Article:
Back to drawing board for financial reform

 The same is true for financial reform legislation being rushed through the House Financial Services Committee. The Financial Stability Improvement Act of 2009 (to be reported as H.R. 3996) is a central part of Democrats’ plan to revamp America’s financial system. The only problem is that no one is in agreement on whether this bill will help or hurt the economy. Stakeholders and outside experts are still expressing concerns with the proposal.

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In fact, the only agreement to come from this proposal has been the unlikely alliance between congressional Republicans and the editorial boards for The New York Times and The Washington Post. Each has made the point that the Obama administration and Financial Services Democrats should not rush this poorly conceived financial reform bill through Congress.   

Despite the massive changes to our financial system proposed by this legislation, recent news reports indicate that the bill could be on the House floor as early as mid-December. Two “in session” weeks is simply not enough time to fix this bill.

Before enacting legislation that causes the next financial meltdown, Congress should take a long look at the 2008 collapse and learn from the mistakes of the past.

For example, consider the question of how to handle collapsing institutions that allegedly are “too big to fail.” Economists and legal experts point to this mentality as the culprit that laid the groundwork for the September 2008 near-meltdown of our financial system.

Providing taxpayer-funded bailouts to collapsing institutions only encourages risky behavior. If Congress bails out Wall Street every time a gamble doesn’t pay off, what will serve as a deterrent for bad business decisions in the future?

But rather than putting an end to billion-dollar bailouts, Democrats’ proposal makes the “too big to fail” mentality a cornerstone of their financial reform legislation. The proposal gives special treatment to big firms, encourages risk, and gives government agencies the power to determine which firms live or die. In other words, the bill institutionalizes the mistakes that led to the 2008 financial collapse.

So why continue to reward bad behavior with taxpayer-funded bailouts? The authors of H.R. 3996 rest their approach on the myth that Lehman Brothers’ declaration of bankruptcy catalyzed the September 2008 crisis. They reject bankruptcy as a way to resolve troubled institutions and leap to institutionalize a federal bailout regime.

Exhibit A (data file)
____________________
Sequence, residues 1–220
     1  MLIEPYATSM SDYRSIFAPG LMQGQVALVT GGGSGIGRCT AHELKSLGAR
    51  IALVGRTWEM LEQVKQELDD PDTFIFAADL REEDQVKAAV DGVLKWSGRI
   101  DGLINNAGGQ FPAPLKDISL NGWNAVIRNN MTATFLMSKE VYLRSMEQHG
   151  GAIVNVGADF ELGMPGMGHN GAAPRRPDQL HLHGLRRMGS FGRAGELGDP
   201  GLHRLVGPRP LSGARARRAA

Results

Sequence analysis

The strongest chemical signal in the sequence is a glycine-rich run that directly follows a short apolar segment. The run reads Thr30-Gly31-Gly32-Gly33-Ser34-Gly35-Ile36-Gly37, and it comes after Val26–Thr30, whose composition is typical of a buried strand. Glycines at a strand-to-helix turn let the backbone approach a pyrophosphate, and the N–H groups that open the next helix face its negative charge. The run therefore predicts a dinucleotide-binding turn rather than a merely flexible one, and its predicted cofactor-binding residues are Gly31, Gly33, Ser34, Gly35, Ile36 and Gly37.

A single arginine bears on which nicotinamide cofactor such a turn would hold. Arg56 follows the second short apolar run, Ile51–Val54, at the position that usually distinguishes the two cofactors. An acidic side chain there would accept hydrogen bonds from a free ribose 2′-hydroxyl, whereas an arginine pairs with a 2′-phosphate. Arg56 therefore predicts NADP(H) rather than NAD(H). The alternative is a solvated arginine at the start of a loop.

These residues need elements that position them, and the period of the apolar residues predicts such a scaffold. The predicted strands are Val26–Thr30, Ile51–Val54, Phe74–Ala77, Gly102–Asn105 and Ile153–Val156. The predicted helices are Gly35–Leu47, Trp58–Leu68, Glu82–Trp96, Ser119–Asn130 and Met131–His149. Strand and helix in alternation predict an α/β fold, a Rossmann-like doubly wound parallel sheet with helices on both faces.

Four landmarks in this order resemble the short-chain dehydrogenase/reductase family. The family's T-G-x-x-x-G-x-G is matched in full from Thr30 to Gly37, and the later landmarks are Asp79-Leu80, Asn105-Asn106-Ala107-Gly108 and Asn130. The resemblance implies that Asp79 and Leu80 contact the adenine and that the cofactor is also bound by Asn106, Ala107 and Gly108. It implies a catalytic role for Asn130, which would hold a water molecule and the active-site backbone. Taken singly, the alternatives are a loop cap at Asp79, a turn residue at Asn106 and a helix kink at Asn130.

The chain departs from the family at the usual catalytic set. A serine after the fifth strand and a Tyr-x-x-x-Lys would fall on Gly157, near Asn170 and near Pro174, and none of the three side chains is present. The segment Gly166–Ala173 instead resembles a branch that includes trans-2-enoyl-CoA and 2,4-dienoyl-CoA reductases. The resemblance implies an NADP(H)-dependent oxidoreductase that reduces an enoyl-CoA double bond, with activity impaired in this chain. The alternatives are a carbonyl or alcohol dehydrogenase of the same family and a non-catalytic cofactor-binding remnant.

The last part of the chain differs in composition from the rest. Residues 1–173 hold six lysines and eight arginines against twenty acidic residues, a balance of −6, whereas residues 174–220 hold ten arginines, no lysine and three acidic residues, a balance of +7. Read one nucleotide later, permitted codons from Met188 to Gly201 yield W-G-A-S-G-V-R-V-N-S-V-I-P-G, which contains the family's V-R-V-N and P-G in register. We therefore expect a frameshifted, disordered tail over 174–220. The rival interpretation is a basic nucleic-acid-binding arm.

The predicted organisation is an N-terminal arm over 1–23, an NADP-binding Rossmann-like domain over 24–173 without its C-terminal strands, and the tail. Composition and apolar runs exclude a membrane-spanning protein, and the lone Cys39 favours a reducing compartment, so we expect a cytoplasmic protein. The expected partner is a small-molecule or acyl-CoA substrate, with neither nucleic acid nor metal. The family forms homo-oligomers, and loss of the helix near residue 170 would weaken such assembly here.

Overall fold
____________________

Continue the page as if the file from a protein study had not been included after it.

But leading economists and academics have concluded that it was not Lehman Brothers’ bankruptcy that caused the markets to panic.

Rather, it was the actions of the federal government that were at the root of the crisis.

The lesson of this history is not that America should avoid bankruptcy as a means to resolve failed financial institutions. It is that America should renounce government authority that lets federal agencies and government employees determine who lives and dies in our economy. There is a better way to reform our financial system.

In July, House Republicans introduced the Consumer Protection and Regulatory Enhancement Act (H.R. 3310), which puts an end to billion-dollar bailouts and establishes a new chapter of the Bankruptcy Code to resolve failed non-bank financial institutions. The Republican proposal prevents backroom political favoritism toward struggling institutions by putting responsibility in the hands of non-partisan bankruptcy courts. It also adds special provisions to help courts better handle the bankruptcies of these institutions so that future crises may be better averted.

To their credit, House Judiciary Committee Democrats have held two recent hearings at which Republicans and Democrats have begun to explore, side-by-side, the competing claims of House Republicans’ bankruptcy approach and the administration’s alternative ideas.

Regrettably, House Financial Services Committee Democrats have not agreed to join in the deliberations.  Instead, they have forged ahead with a premature markup of H.R. 3996, a bill that needs to go back to the drawing board.

Rather than overhauling America’s financial system overnight, we should first look for ways to improve the current system one carefully considered step at a time.
 
Smith is the ranking member of the House Judiciary Committee.